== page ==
I’ve been tracking coronavirus stocks since late January. We made a lot of money in those stocks in the beginning. We lost money and stopped out before we stopped trading them. Wonder what they are doing now? Take a look.

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Lessons From These Coronavirus Stocks

Each one of the stocks above looks pretty much the same. If you continued trading these stocks you likely lost a lot of money or, you’re underwater in one or more of them hoping that it’s going to come back.

There’s a very important lesson to learn here about the over-reliance on catalysts.

Why Does a Stock Go Up?

Does a catalyst make a stock go up? Does a chart pattern make a stock go up? Do fundamentals make a stock go up? No. These things make a stock go up as a derivative of the true reason a stock goes up: other traders put their money in the stock.

A catalyst, say a coronavirus test that’s faster and cheaper than the current coronavirus test, does not make a stock go up. A stock will only go up if the coronavirus test catalyst convinces other traders to put their money in that stock. The true reason a stock goes up is that other traders put their money in that stock.

Over Reliance On Catalysts, Fundamentals, and Technical Analysis

All of the stock charts above look the same. That’s because traders are pulling their money out of markets. Catalysts are not convincing traders to put their money into a stock. Neither are fundamentals and technicals. To pretend otherwise is to close your eyes to these charts.

You’ve heard the saying, there’s always a bull market going on somewhere. That’s misleading. Shorts are going up but that’s not a bull market in short ETFs, that’s a Bear market. There is not always a bull market going on somewhere in a Bear market else it wouldn’t be called a Bear market.

After a decade of being in a Bull market, many traders forgot what a Bear market is like. Everything is sold in a Bear market and the baby is definitely thrown out with the bath water.

Bull Trap

In a Bear market, any stock that peeks its head up is quickly chopped off. If a stock runs one or two days, it gets the attention of the algos which target it to clear the stops or programmed sell the rip trades are executed.

In a Bear market, the entire market is a big stadium with matadors ready to kill Bulls. It’s a giant Bull trap of no return. Bulls die a slow death by a hundred cuts from the matadors, and then are stabbed with a sword and their bodies are dragged out of the stadium and sent to the slaughter house.

Many Bulls are still trying to play the long side as their trading accounts slowly bleed out. This is an irrational market, they say. Surely this stock is so cheap that a buy the dip strategy will work! Markets can remain irrational longer than most can remain solvent. Any trader under the age of 30 is probably trading like this because they don’t know any better. They will die a slow death of loss after loss and ultimately their trading accounts will go to zero.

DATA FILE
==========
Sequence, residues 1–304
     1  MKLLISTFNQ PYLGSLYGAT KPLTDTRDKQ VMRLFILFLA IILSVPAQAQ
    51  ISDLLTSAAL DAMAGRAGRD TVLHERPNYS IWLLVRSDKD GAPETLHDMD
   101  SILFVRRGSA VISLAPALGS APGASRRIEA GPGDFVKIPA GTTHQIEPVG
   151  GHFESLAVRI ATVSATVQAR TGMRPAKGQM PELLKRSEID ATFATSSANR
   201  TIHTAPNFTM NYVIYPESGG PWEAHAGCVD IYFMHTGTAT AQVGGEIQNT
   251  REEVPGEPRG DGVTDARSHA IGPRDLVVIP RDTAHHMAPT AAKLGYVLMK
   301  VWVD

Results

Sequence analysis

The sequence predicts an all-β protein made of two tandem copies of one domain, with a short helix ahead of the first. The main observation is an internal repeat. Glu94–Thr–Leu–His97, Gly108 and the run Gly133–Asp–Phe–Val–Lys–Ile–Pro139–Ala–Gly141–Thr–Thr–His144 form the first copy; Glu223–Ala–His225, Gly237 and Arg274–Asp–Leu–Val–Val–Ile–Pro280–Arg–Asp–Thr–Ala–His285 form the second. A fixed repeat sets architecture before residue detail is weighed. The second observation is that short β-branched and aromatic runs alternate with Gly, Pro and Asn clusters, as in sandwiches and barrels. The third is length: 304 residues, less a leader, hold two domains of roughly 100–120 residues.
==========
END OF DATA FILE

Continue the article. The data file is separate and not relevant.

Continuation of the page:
Nothing Is Immune From The Selling

As traders and investors sell out of everything to raise the cash needed for margin calls and living expenses, nothing is immune from going down.

A muni-market selloff that started last week is snowballing, pushing up state and local authorities’ cost of borrowing over a one-week period. Investors pulled $12.2 billion from municipal bond funds over the week ended March 18, the most of any week on record, according to Lipper. The second-largest outflow was $4.5 billion.

Many municipalities are set to go bankrupt and stiff their bond holders which is why money is being pulled out of them quickly. Think about it. Revenue to state and local governments is falling because of stay-at-home orders by government officials. At the same time that economic activity has come to a sudden halt, there is a huge jump in unemployment. Of course investors are withdrawing record amounts of cash from the municipal bond market before cities start filing for bankruptcy protection.

This selling has hit institutional investment firms hard. “We cannot state with enough emphasis how significant the selling pressure has been on many of the institutional funds,” wrote Tom Kozlik, head of municipal strategy and credit with Hilltop Securities, in a recent note. Therefore, institutional investors are using algos to clear the stops, sell the rips, and do whatever they can to make up the shortfall by attacking retail traders and investors.

Wave of Municipal Bond Defaults Coming

Without the Federal Reserve purchasing a huge amount of municipal bonds, we are going to see a wave of municipal bond defaults over the next few months. Hopefully shutdowns will not last more than a couple of weeks. Markets can withstand a two week shutdown which seems to be the plan of many states. Markets can not withstand a two month shutdown.